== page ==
Cutler, 1995; Peden and Freeland, 199x). Medical care cost increase are now seen as

predominantly, if not exclusively, a result of increased service utilization. The price increase

view justified public involvement in controlling medical care. The new service increase makes

the welfare analysis of limiting spending more difficult.

       These cost increases were a burden for the public and private sectors. In the private

sector, employers were (irrationally, according to economic theory) concerned about their health

insurance costs. They responded to rising costs by changing their benefits substantially. The

problem was particularly acute in the public sector. Medicare and Medicaid together spent $200

billion in 1992, about 14 percent of the Federal budget. They were also a significant factor

contributing to future budget deficits. According to projections in 1992, federal health care

spending would increase by between 10 percent per year between 1992 and 2000. Tax revenues,

in contrast, were projected to increase by only half that amount. For an activist President who

wanted to spend money on social policies, the only way to do so was to reduce the growth of

Federal medical care costs. President Clinton put it directly in introducing his health reform plan

in September 1993: “[T]he budget we just adopted had steep cuts in defense, a five-year freeze

on the discretionary spending, so critical to reeducating America and investing in jobs and

helping us to convert from a defense to a domestic economy. But we passed a budget which has

Medicaid increases of between 16 and 11 percent a year over the next five years, and Medicare

increases of between 11 and 9 percent in an environment where we assume inflation will be at 4

percent or less. We cannot continue to do this. Our competitiveness, our whole economy, the
integrity of the way the government works, and ultimately, our living standards depend on our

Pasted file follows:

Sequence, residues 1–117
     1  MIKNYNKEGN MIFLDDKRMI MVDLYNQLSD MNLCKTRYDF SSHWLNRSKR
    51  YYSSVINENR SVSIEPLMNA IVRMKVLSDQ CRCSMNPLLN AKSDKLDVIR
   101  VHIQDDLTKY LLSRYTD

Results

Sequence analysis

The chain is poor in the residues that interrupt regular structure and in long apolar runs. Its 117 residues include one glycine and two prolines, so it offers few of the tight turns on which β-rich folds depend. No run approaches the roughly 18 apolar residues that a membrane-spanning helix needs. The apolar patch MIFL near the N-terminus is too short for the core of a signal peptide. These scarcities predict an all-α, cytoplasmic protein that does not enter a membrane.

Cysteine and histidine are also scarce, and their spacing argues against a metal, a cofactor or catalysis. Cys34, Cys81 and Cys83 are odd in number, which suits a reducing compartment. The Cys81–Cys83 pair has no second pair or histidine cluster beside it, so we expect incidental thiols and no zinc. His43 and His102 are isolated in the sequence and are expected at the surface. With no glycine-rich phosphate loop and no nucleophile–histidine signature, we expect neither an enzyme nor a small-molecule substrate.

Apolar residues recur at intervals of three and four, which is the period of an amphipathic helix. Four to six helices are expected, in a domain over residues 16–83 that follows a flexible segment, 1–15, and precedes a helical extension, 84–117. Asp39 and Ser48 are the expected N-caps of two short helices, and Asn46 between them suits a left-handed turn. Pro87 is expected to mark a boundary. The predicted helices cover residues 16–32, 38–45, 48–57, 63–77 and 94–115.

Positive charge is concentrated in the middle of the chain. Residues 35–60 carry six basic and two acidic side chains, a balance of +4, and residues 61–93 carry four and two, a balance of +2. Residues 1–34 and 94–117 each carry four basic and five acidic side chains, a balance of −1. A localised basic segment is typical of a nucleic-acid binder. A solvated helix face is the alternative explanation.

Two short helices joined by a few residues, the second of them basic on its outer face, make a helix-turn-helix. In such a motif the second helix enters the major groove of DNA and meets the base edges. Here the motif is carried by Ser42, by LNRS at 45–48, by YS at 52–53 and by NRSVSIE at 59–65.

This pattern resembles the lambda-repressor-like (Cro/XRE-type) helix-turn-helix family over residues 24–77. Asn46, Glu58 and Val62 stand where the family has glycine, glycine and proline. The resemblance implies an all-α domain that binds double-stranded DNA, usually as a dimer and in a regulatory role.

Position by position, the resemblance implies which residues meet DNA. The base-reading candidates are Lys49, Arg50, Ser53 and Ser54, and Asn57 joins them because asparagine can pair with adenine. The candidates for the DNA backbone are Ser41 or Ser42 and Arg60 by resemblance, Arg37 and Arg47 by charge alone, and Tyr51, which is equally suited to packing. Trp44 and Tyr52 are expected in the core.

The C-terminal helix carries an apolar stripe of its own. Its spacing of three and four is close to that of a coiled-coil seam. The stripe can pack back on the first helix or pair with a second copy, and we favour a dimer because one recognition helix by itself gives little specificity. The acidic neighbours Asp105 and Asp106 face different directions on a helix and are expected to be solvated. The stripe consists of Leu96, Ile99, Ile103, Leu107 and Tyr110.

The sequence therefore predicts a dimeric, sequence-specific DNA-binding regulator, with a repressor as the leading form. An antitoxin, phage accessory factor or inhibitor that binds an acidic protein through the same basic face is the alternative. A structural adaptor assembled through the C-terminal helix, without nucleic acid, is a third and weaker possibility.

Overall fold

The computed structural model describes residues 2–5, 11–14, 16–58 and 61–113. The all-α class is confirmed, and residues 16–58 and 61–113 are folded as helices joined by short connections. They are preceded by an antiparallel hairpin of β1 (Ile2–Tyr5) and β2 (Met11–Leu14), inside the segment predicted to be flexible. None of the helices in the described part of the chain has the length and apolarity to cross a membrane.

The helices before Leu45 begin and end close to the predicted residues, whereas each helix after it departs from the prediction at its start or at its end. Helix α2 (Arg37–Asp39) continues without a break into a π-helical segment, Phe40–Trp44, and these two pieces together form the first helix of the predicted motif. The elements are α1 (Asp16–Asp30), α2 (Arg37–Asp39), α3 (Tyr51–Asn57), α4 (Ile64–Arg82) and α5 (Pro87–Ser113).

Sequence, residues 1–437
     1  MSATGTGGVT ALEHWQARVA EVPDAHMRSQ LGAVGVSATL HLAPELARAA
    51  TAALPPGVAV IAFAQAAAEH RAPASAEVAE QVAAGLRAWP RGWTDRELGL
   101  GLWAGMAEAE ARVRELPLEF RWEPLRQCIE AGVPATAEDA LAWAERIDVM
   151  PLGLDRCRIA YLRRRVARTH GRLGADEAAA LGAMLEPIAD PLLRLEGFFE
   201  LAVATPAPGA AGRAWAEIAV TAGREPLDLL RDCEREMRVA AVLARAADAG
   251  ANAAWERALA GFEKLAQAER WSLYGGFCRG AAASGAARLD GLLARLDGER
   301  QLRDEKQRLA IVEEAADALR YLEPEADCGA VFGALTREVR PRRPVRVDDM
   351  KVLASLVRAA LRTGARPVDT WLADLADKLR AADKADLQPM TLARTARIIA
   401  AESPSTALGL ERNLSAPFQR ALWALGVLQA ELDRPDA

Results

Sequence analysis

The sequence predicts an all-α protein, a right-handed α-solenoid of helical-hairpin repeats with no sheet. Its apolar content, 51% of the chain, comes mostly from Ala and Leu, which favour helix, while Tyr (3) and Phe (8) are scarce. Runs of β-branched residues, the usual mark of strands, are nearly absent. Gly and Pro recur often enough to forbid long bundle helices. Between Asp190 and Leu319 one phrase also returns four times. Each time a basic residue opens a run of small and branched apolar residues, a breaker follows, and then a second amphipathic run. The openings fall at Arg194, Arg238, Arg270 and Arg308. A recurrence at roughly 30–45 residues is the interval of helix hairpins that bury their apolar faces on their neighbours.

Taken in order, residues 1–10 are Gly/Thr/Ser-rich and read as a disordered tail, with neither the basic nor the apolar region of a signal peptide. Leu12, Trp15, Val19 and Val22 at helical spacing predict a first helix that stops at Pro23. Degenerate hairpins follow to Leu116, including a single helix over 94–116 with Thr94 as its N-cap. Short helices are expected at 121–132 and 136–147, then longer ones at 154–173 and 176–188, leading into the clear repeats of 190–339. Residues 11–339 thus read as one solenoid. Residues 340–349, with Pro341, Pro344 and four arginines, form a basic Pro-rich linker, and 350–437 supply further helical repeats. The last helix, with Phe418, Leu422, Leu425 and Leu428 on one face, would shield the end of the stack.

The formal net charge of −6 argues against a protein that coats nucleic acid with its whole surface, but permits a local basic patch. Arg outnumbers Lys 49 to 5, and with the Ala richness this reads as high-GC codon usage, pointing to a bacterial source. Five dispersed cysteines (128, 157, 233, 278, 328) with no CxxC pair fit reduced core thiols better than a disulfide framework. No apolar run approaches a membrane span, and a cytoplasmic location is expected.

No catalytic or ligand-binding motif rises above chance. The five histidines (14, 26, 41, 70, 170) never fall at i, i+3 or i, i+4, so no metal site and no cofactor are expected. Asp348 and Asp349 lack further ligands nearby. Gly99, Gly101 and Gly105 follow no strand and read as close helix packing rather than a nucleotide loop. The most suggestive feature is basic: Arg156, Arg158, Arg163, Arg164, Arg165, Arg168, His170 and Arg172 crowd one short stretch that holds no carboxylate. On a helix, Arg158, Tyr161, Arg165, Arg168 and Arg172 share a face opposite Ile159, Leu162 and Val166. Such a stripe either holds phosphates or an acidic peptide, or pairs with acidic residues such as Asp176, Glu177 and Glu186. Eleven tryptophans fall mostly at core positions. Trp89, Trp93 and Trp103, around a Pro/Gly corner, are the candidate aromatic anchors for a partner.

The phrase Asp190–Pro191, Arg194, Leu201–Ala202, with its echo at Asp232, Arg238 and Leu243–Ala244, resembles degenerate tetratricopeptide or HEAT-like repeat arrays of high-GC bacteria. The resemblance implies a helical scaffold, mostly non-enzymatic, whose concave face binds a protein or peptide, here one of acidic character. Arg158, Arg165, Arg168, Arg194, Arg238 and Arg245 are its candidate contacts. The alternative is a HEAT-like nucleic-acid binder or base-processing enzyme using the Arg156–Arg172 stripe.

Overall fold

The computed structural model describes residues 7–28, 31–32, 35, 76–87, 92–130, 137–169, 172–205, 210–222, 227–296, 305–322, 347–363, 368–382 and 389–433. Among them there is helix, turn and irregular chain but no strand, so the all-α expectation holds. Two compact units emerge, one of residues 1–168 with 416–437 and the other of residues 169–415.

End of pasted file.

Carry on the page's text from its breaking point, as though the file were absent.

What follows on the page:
ability to achieve savings without harming the quality of health care.”

       This was the situation facing the Clinton Administration in 1992: persistent and

increasing rates of uninsurance; a middle class that was concerned about being dropped or forced

out of insurance coverage; and rising medical care costs that made employers, and particularly

the government, nervous. The proposed solution to this problem was the Health Security Act.

II.    The Health Security Act

       The beginning point for health care policy in the Clinton Administration is the Health

Security Act, or HSA. The Health Security Act was a defining issue for the Clinton

Administration in many ways. It was the most spectacular failure of the Administration, and it

led to the strategy that subsequently infused the Administration throughout: take small, popular

steps to achieve commonly sought goals, but don’t overreach.

Structure of the HSA

       The HSA was designed to address each of the problems discussed in the previous section;

see Cutler (1994) for a longer discussion. It is useful to review the HSA in some detail even

though it did not pass; the HSA demonstrates more than anything else the health care goals of the

Clinton Administration. We focus on the provisions of the HSA for the non-elderly population.

Medicare changes were fewer and involved mostly new benefits for prescription drugs and long-

term care. The provisions for the non-elderly were the heart of the proposal.

       Universal coverage was the most notable feature of the plan. Everyone would be insured,